Bored With Sourdough? Try This Instead – A Pretty Perfect Pain de Campagne

Get a taste of the good life with this delicious rustic country bread (the French equivalent of Sourdough)

The slow proving process gives this French country bread a depth of flavour that’s incomparable with shop bought breads

Ingredients

Day 1 – Dough Starter

  • 142g organic strong plain white bread flour
  • 142g dark rye flour (or use the white bread flour for a less tangy taste)
  • 2g fresh yeast (or use 1g instant dried yeast)
  • 204g cold water

Day 2 – The Campagne Dough

  • 475g organic strong plain white bread flour
  • 65g dark rye flour (or use the white bread flour for a less tangy taste)
  • 6g fresh yeast (or use 3g instant dried yeast)
  • 290g cold water
  • 16g fine sea salt
  • 490g Dough Starter

Method

Day 1 – Dough Starter

Note: make sure you use cold water directly from the tap. We’re going to be working the dough which will warm it and that combined with using warm water would activate the fermentation process too quickly, leaving you with a less tasty loaf

  • In a bowl, mix together the water and yeast until the yeast has dissolved then add the flour and mix until combined (with instant yeast, stir it through the flour then add the water)
  • Give the dough a good stretch and tear for 5 minutes (ideal if you’ve had a rough day!)
  • Cover with cling film and leave to ferment at room temperature for 2 hours then it’s in the fridge for 12-24 hours

Day 2 – The Campagne Dough

  • Combine the flour and the salt in a bowl
  • In another bowl, mix the yeast with the water (with instant yeast, stir it through the flour instead)
  • Make a well in the centre of the flour then add the water and the Dough Starter and gently bring the dough together then stretch and knead it for 10 minutes on an un-floured work surface. Alternatively, use a food mixer with a dough hook attachment on low speed for 5 minutes then medium speed for 5-7 minutes (the slow speed brings the ingredients together and the faster speed warms the gluten in the flour which makes the dough elastic and creates the right conditions for the fermentation process)
  • You should be able to stretch a small piece of dough between your fingers without it breaking, otherwise keep on kneading to get the desired level of elasticity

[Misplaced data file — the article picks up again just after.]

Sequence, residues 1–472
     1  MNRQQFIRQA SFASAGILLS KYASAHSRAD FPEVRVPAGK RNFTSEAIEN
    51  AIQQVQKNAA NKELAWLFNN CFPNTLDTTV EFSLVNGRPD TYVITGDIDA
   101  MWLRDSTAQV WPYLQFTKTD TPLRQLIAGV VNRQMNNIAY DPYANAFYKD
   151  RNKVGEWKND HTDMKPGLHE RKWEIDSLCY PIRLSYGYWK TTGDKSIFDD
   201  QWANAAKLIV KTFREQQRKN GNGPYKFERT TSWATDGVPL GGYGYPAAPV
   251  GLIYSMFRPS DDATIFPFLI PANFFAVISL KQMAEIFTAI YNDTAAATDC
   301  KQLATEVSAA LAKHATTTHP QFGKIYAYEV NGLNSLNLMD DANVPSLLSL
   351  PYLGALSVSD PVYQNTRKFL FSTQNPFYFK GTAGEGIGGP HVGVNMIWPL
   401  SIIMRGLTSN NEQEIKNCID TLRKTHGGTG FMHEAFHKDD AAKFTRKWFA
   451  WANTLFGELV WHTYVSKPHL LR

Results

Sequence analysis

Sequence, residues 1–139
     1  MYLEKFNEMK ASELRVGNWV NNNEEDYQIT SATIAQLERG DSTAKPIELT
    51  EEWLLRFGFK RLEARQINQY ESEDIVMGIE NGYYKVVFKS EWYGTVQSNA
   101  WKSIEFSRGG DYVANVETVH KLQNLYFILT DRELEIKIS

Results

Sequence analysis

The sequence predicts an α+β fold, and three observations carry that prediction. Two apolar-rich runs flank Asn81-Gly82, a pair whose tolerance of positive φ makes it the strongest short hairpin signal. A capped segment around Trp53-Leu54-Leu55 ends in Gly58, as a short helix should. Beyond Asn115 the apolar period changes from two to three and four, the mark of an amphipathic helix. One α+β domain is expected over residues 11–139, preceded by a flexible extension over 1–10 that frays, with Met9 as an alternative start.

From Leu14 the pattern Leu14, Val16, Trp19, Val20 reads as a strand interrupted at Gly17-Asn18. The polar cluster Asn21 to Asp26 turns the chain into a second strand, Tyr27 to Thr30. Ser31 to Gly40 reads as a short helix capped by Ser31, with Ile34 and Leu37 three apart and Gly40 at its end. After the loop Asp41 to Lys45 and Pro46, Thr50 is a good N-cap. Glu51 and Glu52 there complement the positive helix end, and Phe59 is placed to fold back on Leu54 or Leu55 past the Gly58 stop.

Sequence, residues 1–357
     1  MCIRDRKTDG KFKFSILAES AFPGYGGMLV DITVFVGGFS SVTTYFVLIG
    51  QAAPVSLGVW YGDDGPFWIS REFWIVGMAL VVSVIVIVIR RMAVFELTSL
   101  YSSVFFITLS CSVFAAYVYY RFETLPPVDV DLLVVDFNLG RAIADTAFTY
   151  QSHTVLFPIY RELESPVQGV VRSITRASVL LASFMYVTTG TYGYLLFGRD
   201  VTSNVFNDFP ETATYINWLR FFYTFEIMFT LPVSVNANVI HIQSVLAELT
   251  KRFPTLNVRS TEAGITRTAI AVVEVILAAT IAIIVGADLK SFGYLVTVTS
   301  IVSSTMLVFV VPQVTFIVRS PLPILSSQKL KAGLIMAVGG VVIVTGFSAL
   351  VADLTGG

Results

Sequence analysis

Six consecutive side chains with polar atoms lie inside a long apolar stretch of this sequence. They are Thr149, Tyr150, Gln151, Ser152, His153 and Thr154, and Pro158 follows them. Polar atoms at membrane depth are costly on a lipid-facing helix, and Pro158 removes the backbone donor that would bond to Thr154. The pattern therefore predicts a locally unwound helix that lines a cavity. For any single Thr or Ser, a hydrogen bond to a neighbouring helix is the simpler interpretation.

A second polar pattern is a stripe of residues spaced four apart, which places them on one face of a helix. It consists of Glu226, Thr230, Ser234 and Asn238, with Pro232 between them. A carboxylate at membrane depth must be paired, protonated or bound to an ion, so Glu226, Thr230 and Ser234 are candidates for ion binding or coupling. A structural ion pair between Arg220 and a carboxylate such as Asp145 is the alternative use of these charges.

• Shape the dough in to a ball then place it in a bowl and cover with cling film and leave at room temperature (20C) for an hour to increase in size. Make sure your room is no hotter than 20C otherwise this will activate the fermentation process too quickly. Also, a draughty room would add a crust to the dough so be careful with where you place it
  • Divide the dough into two and pre-shape into a loose round shape then leave to rest for 10 minutes
  • Either heavily dust a proving basket or line a flat tray with non-stick baking parchment paper
  • Shape your dough into a tight round shape on an un-floured work surface. Take the palms of your hands and place them either side of the dough, now turn the dough over in your palms bringing the edges of your palms together as you work underneath the dough. This creates the right level of tension in the loaf to get a lovely texture
  • Place the dough seam side up in the proving basket or tray. Cover with a clean cloth (to prevent it drying out) and leave to prove at room temperature for an hour, or until it has doubled in volume. Test it by pushing a finger in to the dough, it’s ready if the dough springs back, if there’s an indent it needs more time to prove
  • Slide a baking stone or upturned baking tray in to the middle shelf of your oven and place a small roasting tin on the shelf below then preheat your oven to 250C (without the fan) / gas mark 9 or as hot as it’ll go
  • Dust the loaves with flour then using a sharp serrated knife, score the loaves with three diagonal cuts each way to form a diamond pattern. The cuts should be around 2mm deep
  • Slide the loaves onto the preheated baking stone or tray in the oven
  • Quickly add a jug full of boiling hot water into the roasting tin being mindful not to let too much heat out of the oven
  • Bake for 40 minutes or until the bread has a golden crust and sounds hollow when you tap the bottom

This loaf is ideal for a simple rustic lunch, like a sandwich of cooked ham and gruyere cheese. Simple and delicious!

Copyright © misterrands.com

Published by misterrands

Mindful living blogger (recipes, lifestyle & travel) based in beautiful rural north yorkshire 🚜 🐮 🐑

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